(First of a three-part series on creative marketing)
http://www.youtube.com/watch?v=nZV8ciujyT0Relying on creative marketing too much to grow your business can kill it. There. I said it and I’m not taking it back.
I can’t even believe I said it. I consider my own creativity to be one of my strongest skills and personal characteristics. I’ve nurtured my creativity for a lifetime. Spent my career in a creative field. Even got a master’s degree in “creative writing.”
So how in God’s green earth could I besmirch the concept of “creative marketing”? Isn’t that the holy grail of marketing and PR firms? Just google the term and you’ll find dozens, if not hundreds, of firms claiming the word “creative” in their name. Ad agencies hang their shingles on being creative. They even nounicize that adjective and call their work by the name “creative,” as in, the “creative for that campaign will cost $250,000.”
So here’s the deal. The dirty little secret.
Creative marketing is overrated.
Why I am down on creative marketing
OK, OK … before you creative types jump down my throat, let me back up. Yes, I agree. There must be some creativity in marketing or else nobody would pay any attention to you at all. You must have an attractive, well-designed logo, website, social media, etc. And it helps a lot to have some surprisingly creative aspects to your brand.
For example, the branding of Cuties, a seedless, sweet, easy-to-peel mandarin orange as a children’s fruit has been wildly successful. Who would have thought about taking a plain old orange – a commodity – and giving it a name? That’s great creative marketing.
On the other hand, too many businesses are throwing money down the tube – the boob tube — on “creative” marketing. Case in point: the Super Bowl commercials — arguably the most creative advertising out there. They’re wonderful entertainment! They are the only reason I watch the Super Bowl. But a study by the research firm Communicus suggests that 80 percent of the ads don’t sell stuff.
The firm conducted more than 1,000 interviews before and after the game, asking people what they’d bought recently and what they intended to buy in the advertising categories of the Super Bowl advertiser base. It checked back with the same group weeks later and asked similar questions.
The researchers said that the ads did better than average in ad awareness, with 44 percent of people remembering they’d seen an ad vs. 32 percent for other ads. But, here’s where it gets interesting. Because the creative focused less on the brands themselves, people remembered the brands less often in the Super Bowl ads. People who remembered a Super Bowl ad, recalled the brand only 35 percent of the time vs. about half the time for other ads.
So what’s going on here? Why are people dishing out millions of dollars for this “creative marketing”? Well, I have my theories.
The problem with (many) ad agencies and creative marketing
Ad agencies are full of creative people. Unfortunately, many have the silly and immature notion that they are there to self-actualize through their creativity rather than to help clients sell their products and services. They love to show off for each other, and they love to win awards. It’s fun. So do I.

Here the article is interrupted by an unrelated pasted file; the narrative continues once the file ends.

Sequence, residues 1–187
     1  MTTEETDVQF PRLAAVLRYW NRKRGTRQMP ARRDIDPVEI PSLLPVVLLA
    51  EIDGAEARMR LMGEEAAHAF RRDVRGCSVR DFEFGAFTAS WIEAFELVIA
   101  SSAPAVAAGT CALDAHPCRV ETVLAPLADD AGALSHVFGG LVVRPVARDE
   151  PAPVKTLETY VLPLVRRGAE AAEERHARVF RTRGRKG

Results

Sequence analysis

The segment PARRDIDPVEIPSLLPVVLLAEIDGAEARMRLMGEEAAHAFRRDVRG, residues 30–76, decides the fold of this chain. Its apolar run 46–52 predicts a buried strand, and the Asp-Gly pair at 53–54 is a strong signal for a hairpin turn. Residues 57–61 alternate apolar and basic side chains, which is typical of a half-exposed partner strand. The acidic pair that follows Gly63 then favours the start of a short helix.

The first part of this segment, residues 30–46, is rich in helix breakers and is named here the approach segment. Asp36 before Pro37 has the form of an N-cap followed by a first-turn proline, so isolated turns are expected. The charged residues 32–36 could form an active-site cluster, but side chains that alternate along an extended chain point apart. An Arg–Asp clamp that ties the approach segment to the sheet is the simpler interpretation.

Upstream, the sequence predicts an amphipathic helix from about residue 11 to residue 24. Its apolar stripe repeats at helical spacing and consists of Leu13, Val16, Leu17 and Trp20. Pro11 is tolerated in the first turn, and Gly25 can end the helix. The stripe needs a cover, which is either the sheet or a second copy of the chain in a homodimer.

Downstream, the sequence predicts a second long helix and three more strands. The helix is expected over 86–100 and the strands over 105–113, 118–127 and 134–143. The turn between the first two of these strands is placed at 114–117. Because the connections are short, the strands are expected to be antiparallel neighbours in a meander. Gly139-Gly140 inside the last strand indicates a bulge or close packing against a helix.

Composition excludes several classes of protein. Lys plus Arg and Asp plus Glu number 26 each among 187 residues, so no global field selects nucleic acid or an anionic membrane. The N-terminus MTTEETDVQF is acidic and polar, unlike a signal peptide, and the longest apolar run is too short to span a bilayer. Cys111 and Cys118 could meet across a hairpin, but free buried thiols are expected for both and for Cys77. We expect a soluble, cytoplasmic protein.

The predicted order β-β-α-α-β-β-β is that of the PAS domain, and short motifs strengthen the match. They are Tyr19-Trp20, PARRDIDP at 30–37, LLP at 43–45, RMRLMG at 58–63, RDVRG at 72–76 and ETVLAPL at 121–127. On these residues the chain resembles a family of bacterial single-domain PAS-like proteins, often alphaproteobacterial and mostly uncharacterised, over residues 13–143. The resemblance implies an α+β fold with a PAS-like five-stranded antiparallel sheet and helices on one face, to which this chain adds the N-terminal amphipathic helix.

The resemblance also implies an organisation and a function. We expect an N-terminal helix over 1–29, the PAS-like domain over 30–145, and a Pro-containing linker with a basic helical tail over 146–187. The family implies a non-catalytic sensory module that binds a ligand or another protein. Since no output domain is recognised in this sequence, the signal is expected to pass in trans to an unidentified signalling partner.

But seldom are results taken into consideration for awards – or if so, it plays a token role. In fact, there are awards for creative that clients didn’t buy. That’s right, clients. I bet you didn’t know that, did you? The stuff that you were smart enough to reject because you knew it wouldn’t work for you? They give awards out for that, too.
Now, don’t get me wrong. There is good work out there, too. And when it matches your strategic objectives and speaks to your audience, that’s terrific. But often it doesn’t. It’s just creative. And that doesn’t do you a bit of good. It just builds an ad agency’s portfolio and sucks you dry.
Often the most “creative” agencies are the most expensive. They have the toniest addresses, the nicest offices, the largest staffs. It’s all a mirage to make you think you’re getting your money’s worth. They make you feel like a rock star so you don’t notice that loud sucking sound coming from your bank account.
Just remember the line from the famous adman David Ogilvy who said, “If it doesn’t sell, it isn’t creative.” That means that ultimately, a lot of creative marketing isn’t creative after all.
What this has to do with you and your biz
So you’re not playing in that rarefied air of Super Bowl ads and big agency budgets. What’s this talk about relying on creative marketing got to do with you and your small or mid-sized business?
Every day I see businesses struggle with their marketing because they don’t know what to do. They’re all over the map, looking for the magic bullet that’s going to propel their sales into the stratosphere. They try this shiny toy, then that. They don’t have a strategy; they’re just ripe for the picking for the next ad salesman or schemer that comes along.
Just. Stop. It.
It doesn’t matter how “creative” it is. It doesn’t matter how great a deal the next salesman is offering. You’re throwing your money and your business away without: 1) A strategy based on your specific business goals and audience; 2) Consistency; 3) Repetition over the long haul.
Great marketing doesn’t have to be flashy. Gains happen incrementally over time, applied patiently and with purpose. No, of course you don’t want to be boring, but everything you do doesn’t have to produce fireworks. Most businesses don’t fail because they lack creative marketing — they fail because they lack sustained marketing.
It’s a balancing act, yes. But don’t put so much weight on the creative, artzy, fun, inspirational side, that you don’t do the hard stuff. The daily stuff. When you get down to it, marketing is work. But when you do the hard stuff right, marketing works for you.
(Next in the series: Balance creative marketing with consistency to grow your business)